It’s hard work being so fabulous. No, I mean it. It’s exhausting.
I know that’s a whopper of a first line, and while I am being somewhat tongue in cheek, I’m serious. I’m a hard working animal – I effort – I muscle into everything. I mean to be a good friend, a good teacher, worker, mother, writer, athlete – you name it – I want to be good at it. Actually, I want to be better than good; I want to be the best; phenomenal, extraordinary, outta sight, a hard act to follow. If this were a scratch and sniff you could smell the sweat, you could hear the grunt, and you’d definitely feel the exhaustion. You might even be able to sniff out the sadness – something I’m only starting to recognize.
I come by all of this honestly. When I was a kid I learned how to function whether I was feeling functional or not. Our father woke us early on weekend mornings insisting that we get up and get something done. I had no idea what needed to be done at 10-years-old, but it was on us to figure it out – to get busy doing something, less we appeared to be slacking. “Get going,” he would instruct, as he poked his head into our room. I learned how to buck up, to get out of bed, put one foot in front of the other and heave the hell ho. A favorite word in our family was “hustle,” which was the way you got things done. You also didn’t want to be accused of being a “quitter,” which was a shameful little corner to sit in.
Getting busy, staying busy, appearing busy. Busy, busy, busy.
So began my life as a try-hard, someone who felt that things weren’t quite good enough and could be better with more effort. I could better my body if I was at the gym every day, better my career if I worked day and night, get more love if I showed up more sexy, more lovable, smarter, and prettier. Mo. Mo. Mo. Mo bettah. The regular me was okay, but there was a better version of me somewhere, and if I muscled toward it I’d be rewarded.
And holy moly, many bennies came from hustling. I got a shit ton done. I was calculating with my career: I started as a freelance writer who worked in bookshops, left the bookshops for a big time publishing company, left the company to write books, became a writing teacher, grew a thriving practice. I also raised two children and steadied a home, which is a tricky little juggle. Hustling is completely useful when you’re a freelancer with mouths to feed. There was also no time to let feelings or fatigue get in the way of what needed to get done. If I was tired I headed for the gym.
Lather, rinse, repeat.
For years. And years. And years.
Bucking up, pushing my body, challenging my mind, keeping too many balls in the air, trying to keep people happy, saying yes when I meant no, taking on too much, trying to make more money, making sure people loved me, defying the aging process, making sure my kids felt loved, trying not to get fat, keeping my marriage going, trying to be a good sister, a good friend, a good daughter…There really was no area where I felt that more effort on my part wouldn’t make everything better.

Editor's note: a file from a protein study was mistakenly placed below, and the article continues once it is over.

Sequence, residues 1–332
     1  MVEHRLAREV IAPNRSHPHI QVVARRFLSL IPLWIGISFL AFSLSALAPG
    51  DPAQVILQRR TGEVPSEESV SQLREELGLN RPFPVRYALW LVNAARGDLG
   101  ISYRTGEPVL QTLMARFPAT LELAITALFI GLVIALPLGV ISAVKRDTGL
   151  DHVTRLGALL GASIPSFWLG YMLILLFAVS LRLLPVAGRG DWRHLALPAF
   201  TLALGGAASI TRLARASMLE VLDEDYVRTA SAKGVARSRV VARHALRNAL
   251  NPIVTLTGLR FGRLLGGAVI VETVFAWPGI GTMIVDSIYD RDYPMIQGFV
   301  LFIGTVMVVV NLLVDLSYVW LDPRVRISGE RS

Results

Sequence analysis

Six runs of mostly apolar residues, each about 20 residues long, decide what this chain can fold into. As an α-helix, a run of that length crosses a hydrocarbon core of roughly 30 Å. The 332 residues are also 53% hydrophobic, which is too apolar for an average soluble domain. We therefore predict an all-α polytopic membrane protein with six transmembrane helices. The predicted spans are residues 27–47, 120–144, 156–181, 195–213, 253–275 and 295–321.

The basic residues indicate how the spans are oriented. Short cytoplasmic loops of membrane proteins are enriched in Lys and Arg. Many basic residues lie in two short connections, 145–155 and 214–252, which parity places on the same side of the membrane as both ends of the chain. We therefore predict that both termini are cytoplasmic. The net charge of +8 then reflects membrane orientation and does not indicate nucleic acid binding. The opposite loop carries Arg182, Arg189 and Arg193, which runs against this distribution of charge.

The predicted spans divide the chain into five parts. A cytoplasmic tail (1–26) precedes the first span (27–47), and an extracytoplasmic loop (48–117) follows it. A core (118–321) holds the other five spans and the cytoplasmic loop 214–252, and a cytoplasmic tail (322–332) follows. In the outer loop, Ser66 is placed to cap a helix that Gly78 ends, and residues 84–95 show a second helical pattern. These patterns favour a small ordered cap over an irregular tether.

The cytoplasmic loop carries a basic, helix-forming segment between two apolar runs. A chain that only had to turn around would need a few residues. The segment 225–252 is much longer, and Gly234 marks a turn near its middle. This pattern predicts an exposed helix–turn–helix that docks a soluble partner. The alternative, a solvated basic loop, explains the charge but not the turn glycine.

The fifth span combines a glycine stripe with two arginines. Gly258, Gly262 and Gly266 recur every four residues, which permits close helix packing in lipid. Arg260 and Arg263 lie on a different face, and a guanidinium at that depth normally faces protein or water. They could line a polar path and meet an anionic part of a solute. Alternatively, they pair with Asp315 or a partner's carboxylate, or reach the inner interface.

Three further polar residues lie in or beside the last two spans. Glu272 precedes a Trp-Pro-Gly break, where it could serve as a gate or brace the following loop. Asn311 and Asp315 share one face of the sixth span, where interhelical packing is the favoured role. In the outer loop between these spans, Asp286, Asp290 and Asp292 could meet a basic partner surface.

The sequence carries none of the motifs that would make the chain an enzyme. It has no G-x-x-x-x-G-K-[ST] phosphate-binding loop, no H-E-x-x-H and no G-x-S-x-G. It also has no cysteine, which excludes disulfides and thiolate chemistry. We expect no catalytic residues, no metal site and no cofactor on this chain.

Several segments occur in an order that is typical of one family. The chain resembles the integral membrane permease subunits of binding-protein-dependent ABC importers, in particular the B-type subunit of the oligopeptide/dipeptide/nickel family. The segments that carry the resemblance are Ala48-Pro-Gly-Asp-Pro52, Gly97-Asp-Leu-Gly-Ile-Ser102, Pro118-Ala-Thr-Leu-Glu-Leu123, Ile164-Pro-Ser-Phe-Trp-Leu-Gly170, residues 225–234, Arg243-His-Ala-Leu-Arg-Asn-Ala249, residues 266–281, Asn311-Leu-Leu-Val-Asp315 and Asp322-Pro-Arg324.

Big effort = big results.
I also had little compassion for people who struggled, which is why I didn’t make a very good life coach. I just wanted all my clients to GET OUT OF BED, PUT ONE FOOT IN FRONT OF THE OTHER AND GET GOING!
And I haven’t even mentioned the coffee and the drinking – the way I came down from the mountain at the end of every day, and the way I harnessed my way back up the next morning. Stimulants and downers. I had no idea how tired I was because I never actually touched the ground.
“How do you do it?” people asked me, shaking their heads at all I was accomplishing. How did I do it? Well, I’m Superman on steroids – nice to meet you. But then this year I noticed a little rebellion happening inside of me. I had my marching orders, my to-do list, but instead of jumping up and attacking it, I just stared at it – almost like I couldn’t decipher the message anymore. I’m supposed to what? Write the sales page, get to the market, return the books, don’t forget the gym, email the students, create the new class, work on the newsletter, make a menu for the party…really? Just looking at the list made me tired.
But it was a new kind of tired, and drinking more coffee and going to the gym didn’t seem to help. Something in me was dropping away – everything I’d relied on in fact – my ambition, my willfulness, and my energy to make things happen. The same gravity that will eventually take your face and your ass – yeah – it took my mojo. And in the absence of this ability to buck up I noticed a new feeling surfacing; sadness. Not for anything in particular. I think it had been there for years, just waiting for me to settle down and meet it. And in the sadness I felt the kid who had to learn how to buck up at a really young age. The kid who felt she needed to be a better version of her actual self to get what she wanted.
It would be a lie to say that I don’t wake up each morning with a the same knee jerk impulse to get as much done as I can, but now I have a tiny toe in the door jam that slows me down, reminding me that this isn’t a race, there’s no where to go – there never was.